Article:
A successful model of assessment for this type of client is SWOT. This involves looking at the strengths and weaknesses which are the advantages and disadvantages for our client. Then looking at the opportunities which involve looking at all opportunities for change that you can provide. The final part of your SWOT analysis means looking at the threats. SWOT analysis helps you to think through each issue allowing you to look at the problem and lead to possible solutions and prepare for possible threats. A major and vital part of this particular assessment is about what’s happening now. A SWOT analysis provides evidence to explain your actions. It needs to be specific, and will vary dramatically from person to person. It is a helpful tool in helping you to weigh up the pro’s and con’s and help you to balance them out.
With mental health the actual illness is going to have a major affect on the SWOT analysis. The stage of the illness can be an advantage or a disadvantage. A threat with mental health will always be the deterioration of the illness. With older people family can be a major strength if they play an active part in the client’s life. However bare in mind the lack of a family can be a big disadvantage, having affects on the client.
Anti-oppressive practice is a piece of social work jargon, but is based on a very simple yet important idea. Social work is all about empowering others and assisting those who feel oppressed in getting both their needs and rights recognised and met. Anti-oppressive practice is informed by values and always takes into consideration both the views and experiences of oppressed people.
“Practitioners are required to analyse how the socially constructed divisions of race, age, gender, class, sexuality and disability, and the impact of differential access to resources interconnect and interact to define the life experiences of individuals and communities.” (Davies, 2009, p14)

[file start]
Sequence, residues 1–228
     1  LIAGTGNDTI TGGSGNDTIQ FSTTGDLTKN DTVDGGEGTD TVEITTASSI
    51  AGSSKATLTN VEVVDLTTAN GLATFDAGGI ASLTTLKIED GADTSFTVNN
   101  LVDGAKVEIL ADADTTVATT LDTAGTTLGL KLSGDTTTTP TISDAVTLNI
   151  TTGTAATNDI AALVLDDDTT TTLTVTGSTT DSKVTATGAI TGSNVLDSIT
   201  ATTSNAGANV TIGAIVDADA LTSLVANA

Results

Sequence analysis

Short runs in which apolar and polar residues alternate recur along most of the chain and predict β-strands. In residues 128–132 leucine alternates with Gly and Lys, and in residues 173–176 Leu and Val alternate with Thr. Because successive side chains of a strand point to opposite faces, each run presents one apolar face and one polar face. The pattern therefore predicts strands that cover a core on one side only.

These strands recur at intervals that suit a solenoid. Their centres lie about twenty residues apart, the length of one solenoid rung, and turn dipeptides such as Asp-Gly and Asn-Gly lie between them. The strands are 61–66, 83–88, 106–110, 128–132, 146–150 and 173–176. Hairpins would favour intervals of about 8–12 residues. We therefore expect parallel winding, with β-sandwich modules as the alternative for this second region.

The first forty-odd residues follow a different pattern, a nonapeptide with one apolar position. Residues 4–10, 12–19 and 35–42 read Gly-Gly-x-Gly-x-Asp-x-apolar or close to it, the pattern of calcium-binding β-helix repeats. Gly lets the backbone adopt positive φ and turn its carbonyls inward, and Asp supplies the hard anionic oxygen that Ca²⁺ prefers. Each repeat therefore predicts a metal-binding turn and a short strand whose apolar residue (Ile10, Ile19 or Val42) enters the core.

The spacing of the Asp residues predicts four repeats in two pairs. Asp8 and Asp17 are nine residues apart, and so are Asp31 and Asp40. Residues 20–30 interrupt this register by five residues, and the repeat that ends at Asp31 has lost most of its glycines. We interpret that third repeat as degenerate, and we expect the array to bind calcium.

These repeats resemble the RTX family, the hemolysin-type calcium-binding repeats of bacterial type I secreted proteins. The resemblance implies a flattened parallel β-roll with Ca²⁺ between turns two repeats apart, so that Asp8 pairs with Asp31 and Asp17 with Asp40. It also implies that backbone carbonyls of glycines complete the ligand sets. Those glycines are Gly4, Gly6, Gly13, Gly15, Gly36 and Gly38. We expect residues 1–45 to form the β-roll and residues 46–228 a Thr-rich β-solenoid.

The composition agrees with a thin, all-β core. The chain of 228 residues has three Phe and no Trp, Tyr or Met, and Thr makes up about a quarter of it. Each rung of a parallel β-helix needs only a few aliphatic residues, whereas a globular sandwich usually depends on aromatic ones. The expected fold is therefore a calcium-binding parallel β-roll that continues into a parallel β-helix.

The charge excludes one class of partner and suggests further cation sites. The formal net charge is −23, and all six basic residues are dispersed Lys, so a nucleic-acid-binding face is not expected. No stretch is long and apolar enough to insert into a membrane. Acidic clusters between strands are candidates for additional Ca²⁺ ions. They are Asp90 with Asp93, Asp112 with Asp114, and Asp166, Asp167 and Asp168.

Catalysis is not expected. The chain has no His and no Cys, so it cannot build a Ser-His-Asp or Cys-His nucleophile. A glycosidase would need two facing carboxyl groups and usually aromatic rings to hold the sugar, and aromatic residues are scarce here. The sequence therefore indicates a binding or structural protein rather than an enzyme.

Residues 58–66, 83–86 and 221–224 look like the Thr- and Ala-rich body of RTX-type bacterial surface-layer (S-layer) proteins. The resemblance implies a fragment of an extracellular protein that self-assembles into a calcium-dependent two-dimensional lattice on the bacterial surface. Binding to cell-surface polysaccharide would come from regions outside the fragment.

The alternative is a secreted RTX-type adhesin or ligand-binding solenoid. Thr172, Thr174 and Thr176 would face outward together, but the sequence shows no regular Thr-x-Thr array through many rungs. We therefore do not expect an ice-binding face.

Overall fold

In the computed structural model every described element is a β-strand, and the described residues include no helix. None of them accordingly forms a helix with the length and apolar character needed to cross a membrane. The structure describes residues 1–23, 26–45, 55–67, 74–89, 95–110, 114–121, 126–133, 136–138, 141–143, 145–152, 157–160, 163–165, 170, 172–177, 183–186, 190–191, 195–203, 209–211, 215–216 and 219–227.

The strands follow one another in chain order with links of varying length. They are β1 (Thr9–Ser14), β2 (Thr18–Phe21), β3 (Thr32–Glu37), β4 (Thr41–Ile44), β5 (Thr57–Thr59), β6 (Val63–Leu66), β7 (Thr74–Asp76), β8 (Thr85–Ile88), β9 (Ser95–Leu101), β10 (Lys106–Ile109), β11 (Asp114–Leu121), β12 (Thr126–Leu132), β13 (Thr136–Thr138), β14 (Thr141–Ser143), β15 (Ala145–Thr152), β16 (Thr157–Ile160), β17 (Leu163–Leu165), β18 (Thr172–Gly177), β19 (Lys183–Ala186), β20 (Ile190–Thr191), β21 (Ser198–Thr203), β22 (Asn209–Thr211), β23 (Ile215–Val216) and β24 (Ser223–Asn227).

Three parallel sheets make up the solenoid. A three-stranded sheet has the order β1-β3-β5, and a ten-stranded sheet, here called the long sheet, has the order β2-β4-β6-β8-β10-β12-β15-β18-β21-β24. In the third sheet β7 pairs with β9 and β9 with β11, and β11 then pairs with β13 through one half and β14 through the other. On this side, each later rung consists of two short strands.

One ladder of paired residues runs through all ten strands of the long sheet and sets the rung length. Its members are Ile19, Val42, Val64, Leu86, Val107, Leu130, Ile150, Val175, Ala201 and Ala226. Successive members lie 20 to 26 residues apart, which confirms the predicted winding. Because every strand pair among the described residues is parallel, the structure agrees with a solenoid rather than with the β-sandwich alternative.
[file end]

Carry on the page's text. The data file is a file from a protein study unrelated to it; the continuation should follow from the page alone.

Therefore the practitioner is able to both recognise and challenge all situations of oppression within their work.
Anti-discriminatory practice emphasises the different ways in which people tend to be discriminated against, as individuals and groups, it also highlights the need for professional practice to counter such discrimination. Discrimination can occur due to lots of different types of oppressive differentiation.
“The primary goal of anti-discriminatory practice is the promotion of equality and social justice.” (Davies, 2009, p13)
Anti-discriminatory practice is not a separate social work theory or method, but a value that should under-pin all practice generally. Both anti-discriminatory and anti-oppressive practice theories seek to assist clients to gain awareness into how oppression affects their lives, and to promote different strategies for opposing discrimination and gaining mutual support. It should also prevent different agencies from being discriminatory.
True partnership working can create empowerment. It is a basic part of good practice and of values work. Feeling the need to ‘rescue’ the client is oppressive; you should be working with the service user to ‘rescue themselves’. Helping clients to become more independent and less dependent on the system is a positive way forward, and should have a positive long-term affect on the client. Effective partnership is based on a variety of factors and therefore will vary accordingly. A few of these factors are based on values, beliefs, ideals and even practical factors such as funding and resources.
Social workers have a duty of responsibility to both the client and other family members who play an active role in the client’s life. You should work together with your service user, their family and other agencies, you all need to be aware of difficulties and expect setbacks but remember you can get through it together. When working with other agencies you need to share the responsibility and have open and honest communication. A social workers role is one of both care manager and care co-ordinator.
In mental health you will need to be working with other organisations and as it is a health issue you will be working with medical professionals.